Nina Totenberg

Nina Totenberg is NPR's award-winning legal affairs correspondent. Her reports air regularly on NPR's critically acclaimed newsmagazines All Things Considered, Morning Edition, and Weekend Edition.

Totenberg's coverage of the Supreme Court and legal affairs has won her widespread recognition. Newsweek says, "The mainstays [of NPR] are Morning Edition and All Things Considered. But the creme de la creme is Nina Totenberg." She is also a regular panelist on Inside Washington, a weekly syndicated public affairs television program produced in the nation's capital.

In 1991, her ground-breaking report about University of Oklahoma Law Professor Anita Hill's allegations of sexual harassment by Judge Clarence Thomas led the Senate Judiciary Committee to re-open Thomas's Supreme Court confirmation hearings to consider Hill's charges. NPR received the prestigious George Foster Peabody Award for its gavel-to-gavel coverage — anchored by Totenberg — of both the original hearings and the inquiry into Anita Hill's allegations, and for Totenberg's reports and exclusive interview with Hill.

That same coverage earned Totenberg additional awards, among them: the Long Island University George Polk Award for excellence in journalism; the Sigma Delta Chi Award from the Society of Professional Journalists for investigative reporting; the Carr Van Anda Award from the Scripps School of Journalism; and the prestigious Joan S. Barone Award for excellence in Washington-based national affairs/public policy reporting, which also acknowledged her coverage of Justice Thurgood Marshall's retirement.

Totenberg was named Broadcaster of the Year and honored with the 1998 Sol Taishoff Award for Excellence in Broadcasting from the National Press Foundation. She is the first radio journalist to receive the award. She is also the recipient of the American Judicature Society's first-ever award honoring a career body of work in the field of journalism and the law. In 1988, Totenberg won the Alfred I. duPont-Columbia University Silver Baton for her coverage of Supreme Court nominations. The jurors of the award stated, "Ms. Totenberg broke the story of Judge (Douglas) Ginsburg's use of marijuana, raising issues of changing social values and credibility with careful perspective under deadline pressure."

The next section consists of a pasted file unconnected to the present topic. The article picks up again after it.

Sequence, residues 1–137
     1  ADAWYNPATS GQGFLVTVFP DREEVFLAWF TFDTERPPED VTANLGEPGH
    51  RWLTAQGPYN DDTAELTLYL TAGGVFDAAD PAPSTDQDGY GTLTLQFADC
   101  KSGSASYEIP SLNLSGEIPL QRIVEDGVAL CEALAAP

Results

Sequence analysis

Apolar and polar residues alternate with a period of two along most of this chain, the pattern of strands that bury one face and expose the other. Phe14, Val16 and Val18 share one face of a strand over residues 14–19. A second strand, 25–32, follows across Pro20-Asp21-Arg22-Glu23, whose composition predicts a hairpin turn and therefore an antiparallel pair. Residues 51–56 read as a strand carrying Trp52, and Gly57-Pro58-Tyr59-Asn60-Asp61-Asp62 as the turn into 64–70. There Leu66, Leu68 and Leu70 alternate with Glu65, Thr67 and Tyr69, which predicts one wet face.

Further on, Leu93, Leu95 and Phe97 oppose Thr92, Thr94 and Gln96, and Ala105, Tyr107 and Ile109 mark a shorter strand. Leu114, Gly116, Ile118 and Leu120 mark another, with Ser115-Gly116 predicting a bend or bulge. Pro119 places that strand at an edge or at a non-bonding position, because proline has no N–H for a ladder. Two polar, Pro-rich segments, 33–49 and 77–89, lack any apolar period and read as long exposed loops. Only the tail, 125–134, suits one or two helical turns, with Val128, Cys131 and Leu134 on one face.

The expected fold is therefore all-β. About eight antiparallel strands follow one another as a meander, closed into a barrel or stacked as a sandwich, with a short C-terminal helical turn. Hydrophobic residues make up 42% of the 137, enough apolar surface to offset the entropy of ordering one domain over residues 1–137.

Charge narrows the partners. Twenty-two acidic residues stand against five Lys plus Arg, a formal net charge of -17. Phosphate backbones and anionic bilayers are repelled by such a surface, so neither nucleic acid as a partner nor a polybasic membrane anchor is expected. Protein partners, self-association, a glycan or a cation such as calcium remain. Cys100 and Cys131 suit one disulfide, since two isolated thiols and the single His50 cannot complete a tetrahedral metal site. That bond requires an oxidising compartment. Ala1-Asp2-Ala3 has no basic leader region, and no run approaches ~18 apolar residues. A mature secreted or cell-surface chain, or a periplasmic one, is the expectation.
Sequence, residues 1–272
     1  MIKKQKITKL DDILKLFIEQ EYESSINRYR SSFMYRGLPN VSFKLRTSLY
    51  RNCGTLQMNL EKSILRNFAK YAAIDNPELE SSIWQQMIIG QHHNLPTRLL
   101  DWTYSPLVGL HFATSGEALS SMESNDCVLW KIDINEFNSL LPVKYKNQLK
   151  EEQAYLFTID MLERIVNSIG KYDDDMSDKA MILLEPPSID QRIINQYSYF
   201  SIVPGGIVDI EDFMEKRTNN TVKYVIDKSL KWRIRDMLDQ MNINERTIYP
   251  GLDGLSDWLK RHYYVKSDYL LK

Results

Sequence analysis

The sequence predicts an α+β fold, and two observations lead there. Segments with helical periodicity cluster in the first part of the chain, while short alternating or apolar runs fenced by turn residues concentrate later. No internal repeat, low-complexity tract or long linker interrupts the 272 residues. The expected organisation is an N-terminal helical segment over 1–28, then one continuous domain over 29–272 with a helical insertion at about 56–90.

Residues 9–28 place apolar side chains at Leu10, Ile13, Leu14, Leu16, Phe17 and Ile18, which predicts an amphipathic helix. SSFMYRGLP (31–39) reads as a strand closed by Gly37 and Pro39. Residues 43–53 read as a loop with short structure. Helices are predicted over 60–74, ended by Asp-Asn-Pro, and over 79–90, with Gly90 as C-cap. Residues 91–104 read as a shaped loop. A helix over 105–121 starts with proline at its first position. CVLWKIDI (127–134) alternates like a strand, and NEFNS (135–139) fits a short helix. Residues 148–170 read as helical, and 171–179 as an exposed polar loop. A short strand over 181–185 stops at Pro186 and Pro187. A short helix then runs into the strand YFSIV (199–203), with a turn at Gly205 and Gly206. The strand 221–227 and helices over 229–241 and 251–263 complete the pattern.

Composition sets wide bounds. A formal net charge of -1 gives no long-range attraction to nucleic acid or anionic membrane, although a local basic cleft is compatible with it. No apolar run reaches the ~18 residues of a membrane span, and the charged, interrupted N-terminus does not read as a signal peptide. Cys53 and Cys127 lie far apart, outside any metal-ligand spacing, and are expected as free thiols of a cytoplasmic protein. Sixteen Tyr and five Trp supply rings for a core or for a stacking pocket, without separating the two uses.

Totenberg has been honored seven times by the American Bar Association for continued excellence in legal reporting and has received a number of honorary degrees. On a lighter note, in 1992 and 1988 Esquire magazine named her one of the "Women We Love".

A frequent contributor to major newspapers and periodicals, she has published articles in The New York Times Magazine, The Harvard Law Review, The Christian Science Monitor, Parade Magazine, New York Magazine, and others.

Before joining NPR in 1975, Totenberg served as Washington editor of New Times Magazine, and before that she was the legal affairs correspondent for the National Observer.

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Law
11:01 pm
Sun November 6, 2011